My father’s words seem to haunt me as I move through life. First the slew of wrongful deaths in the Black community by the hands of police, and now the senseless mass murder of fifty poor souls – most of which were Latino – at an LGBT safe haven.
Living as a double minority brings a natural awareness in day-to-day life. I sense my responsibility to face these ghosts, and to figure out how to move forward in learning and growth. What do we do with tragedy of this magnitude? Just when we as a community thought we could breathe a little, a massive undertaking at Pulse Nightclub shakes us back to reality.
“You’re black, and you’re gay.” I can’t let these words fade away only to resurface and taunt me later down the road…
The four of us sat in a group at the front of the funeral hall. It was visitation for my husband’s late grandmother, Mae, who’d passed peacefully at her nursing home a few days earlier. The mood was somber, tense, and was haunted by all the happy memories Grandma Mae had left behind. I’d only met her a couple of times, but those moments were enough. “…and this is my husband, Jamal.” There was a power in that introduction, and because of it, I’ll never forget those first few minutes of meeting Grandma Mae. My husband and I had been together almost four years, and I’d never heard anyone from his side of the family refer to me as “husband.”
Time and small talk took a moment, as my husband’s mother and father approached. “Come meet the kids! You remember David, and his wife Alice…” His mother continued with a smile. “…and our youngest, Stanley, and his friend from school, Jamal.” I smiled, gave a polite nod to the cheerful strangers, and felt phantom burning around my wedding band. I’d come to expect this introduction in any situation that involved meeting friends of my parent-in-laws. In the past I’d let it slide – chalking it up to their old school ways, and not really knowing how to introduce their son’s husband to familiar faces – but this time, the word “friend” really got me thinking.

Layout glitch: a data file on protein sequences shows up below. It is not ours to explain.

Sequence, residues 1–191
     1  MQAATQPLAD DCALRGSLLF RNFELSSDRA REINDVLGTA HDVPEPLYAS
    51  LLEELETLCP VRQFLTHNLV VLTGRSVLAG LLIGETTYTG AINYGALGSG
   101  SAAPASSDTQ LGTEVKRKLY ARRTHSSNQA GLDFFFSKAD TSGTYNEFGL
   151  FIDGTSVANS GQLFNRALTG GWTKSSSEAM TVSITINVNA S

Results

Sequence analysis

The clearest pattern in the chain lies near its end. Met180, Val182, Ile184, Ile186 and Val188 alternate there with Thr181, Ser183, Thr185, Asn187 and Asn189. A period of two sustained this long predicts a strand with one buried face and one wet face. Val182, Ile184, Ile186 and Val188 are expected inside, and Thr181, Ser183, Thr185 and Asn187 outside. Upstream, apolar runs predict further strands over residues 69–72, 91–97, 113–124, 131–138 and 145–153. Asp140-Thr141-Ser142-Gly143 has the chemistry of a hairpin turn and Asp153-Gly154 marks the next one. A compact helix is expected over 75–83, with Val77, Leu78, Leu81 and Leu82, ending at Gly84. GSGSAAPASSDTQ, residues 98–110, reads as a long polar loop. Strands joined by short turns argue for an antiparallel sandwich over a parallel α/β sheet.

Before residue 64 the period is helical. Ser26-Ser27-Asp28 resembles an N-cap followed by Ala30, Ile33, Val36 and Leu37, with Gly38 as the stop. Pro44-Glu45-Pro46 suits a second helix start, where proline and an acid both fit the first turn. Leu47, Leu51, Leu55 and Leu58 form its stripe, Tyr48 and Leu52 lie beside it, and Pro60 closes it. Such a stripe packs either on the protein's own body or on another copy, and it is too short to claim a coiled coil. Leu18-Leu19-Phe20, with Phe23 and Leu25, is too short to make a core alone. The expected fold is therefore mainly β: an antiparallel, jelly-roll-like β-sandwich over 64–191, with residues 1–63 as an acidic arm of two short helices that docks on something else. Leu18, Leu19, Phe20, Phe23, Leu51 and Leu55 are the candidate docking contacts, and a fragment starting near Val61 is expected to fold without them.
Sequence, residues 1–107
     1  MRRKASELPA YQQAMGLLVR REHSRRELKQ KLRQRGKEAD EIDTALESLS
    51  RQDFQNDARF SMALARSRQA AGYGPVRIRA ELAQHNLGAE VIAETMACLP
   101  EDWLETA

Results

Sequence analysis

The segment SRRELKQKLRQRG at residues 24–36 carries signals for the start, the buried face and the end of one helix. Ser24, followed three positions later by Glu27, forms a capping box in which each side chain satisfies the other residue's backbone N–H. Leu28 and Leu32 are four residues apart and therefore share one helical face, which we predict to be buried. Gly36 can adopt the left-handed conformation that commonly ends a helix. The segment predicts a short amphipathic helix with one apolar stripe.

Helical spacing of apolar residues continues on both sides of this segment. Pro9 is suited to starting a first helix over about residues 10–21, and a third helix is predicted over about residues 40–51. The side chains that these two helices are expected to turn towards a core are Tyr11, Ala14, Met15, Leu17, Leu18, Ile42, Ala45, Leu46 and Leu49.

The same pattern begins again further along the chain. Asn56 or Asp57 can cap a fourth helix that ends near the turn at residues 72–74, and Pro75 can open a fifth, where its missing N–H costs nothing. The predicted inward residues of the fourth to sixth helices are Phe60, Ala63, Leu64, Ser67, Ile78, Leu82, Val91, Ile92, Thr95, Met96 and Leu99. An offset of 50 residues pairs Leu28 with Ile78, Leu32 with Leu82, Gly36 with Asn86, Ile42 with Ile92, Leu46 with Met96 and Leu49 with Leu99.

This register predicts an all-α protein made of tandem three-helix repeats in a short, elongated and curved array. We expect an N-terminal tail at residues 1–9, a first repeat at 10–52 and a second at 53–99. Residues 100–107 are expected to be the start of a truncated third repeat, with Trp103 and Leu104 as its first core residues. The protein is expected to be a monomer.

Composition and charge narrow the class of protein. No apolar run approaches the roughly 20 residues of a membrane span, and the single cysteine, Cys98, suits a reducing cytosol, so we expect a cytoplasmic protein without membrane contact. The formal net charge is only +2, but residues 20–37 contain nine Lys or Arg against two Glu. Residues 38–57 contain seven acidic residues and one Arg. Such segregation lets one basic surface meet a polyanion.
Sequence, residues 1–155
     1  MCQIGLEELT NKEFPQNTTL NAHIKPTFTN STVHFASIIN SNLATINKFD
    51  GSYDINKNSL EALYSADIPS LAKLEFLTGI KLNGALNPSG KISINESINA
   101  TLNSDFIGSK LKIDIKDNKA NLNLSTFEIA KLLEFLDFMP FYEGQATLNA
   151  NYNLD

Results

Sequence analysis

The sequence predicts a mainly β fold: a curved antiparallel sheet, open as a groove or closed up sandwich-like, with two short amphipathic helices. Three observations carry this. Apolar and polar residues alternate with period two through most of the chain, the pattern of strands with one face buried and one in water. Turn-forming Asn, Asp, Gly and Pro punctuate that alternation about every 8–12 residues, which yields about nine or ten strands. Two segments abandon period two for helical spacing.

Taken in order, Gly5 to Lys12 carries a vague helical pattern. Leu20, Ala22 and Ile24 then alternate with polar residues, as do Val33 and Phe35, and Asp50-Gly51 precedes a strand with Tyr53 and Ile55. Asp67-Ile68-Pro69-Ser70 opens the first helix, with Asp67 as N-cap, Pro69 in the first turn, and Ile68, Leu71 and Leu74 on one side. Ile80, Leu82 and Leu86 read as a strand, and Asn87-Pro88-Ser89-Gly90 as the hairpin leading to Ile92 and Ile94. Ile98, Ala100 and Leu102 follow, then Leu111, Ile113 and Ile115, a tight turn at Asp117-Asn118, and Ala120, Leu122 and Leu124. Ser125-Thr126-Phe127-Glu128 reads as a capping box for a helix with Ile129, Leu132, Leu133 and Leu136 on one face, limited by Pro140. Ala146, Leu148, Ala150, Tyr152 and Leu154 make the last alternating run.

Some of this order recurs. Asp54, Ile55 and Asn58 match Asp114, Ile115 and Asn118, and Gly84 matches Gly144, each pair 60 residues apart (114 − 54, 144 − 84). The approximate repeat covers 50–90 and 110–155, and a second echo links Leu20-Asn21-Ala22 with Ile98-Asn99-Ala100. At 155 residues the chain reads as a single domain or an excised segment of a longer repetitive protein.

I wondered why being referred to as “friend” was bothering me now. To villainize my in-laws is not my intention. The number of favors and help they’ve provided my husband and I, is beyond anything I could ever imagine for us in any time of need. Was I being introduced this way as some subtle form of protection? Is the term “husband” one that is uncomfortable for them in uncharted social territory? I still don’t have the answer to those questions, and they’ve haunted my curiosity ever since.
Looking into warm, honey-toasted eyes, I witness an endless scrolling of scenes from our relationship in movie montage form. I’m not sure if he notices when I drift away in my thoughts; stealing every little moment he presents at any given moment. I devour each morsel with subtle excitement. If only he could see himself, and enjoy his “isms” with me. “What?” He’s caught me looking and privately chuckling. “Oh, nothing…” I skip past the television, doing my best not to interrupt his round of whatever he’s playing on the Xbox One. If it’s not one thing, it’s the other. He always finds a way to catch my attention, and keeps me on my toes; even when he is unaware or doesn’t mean to do so. It’s the rage he conjures when a video game isn’t going his way. It’s the look on his face when he’s paying attention to every word coming out of my mouth. It’s his curiosity when he asks me if the outfit he put together looks good, and if the shoes he selected will match. I’m often reminded of, or discover, the ingredients that make up S. Like a good gumbo, these ingredients may change or vary, and like a good gumbo, the recipe only gets better and better as the time passes.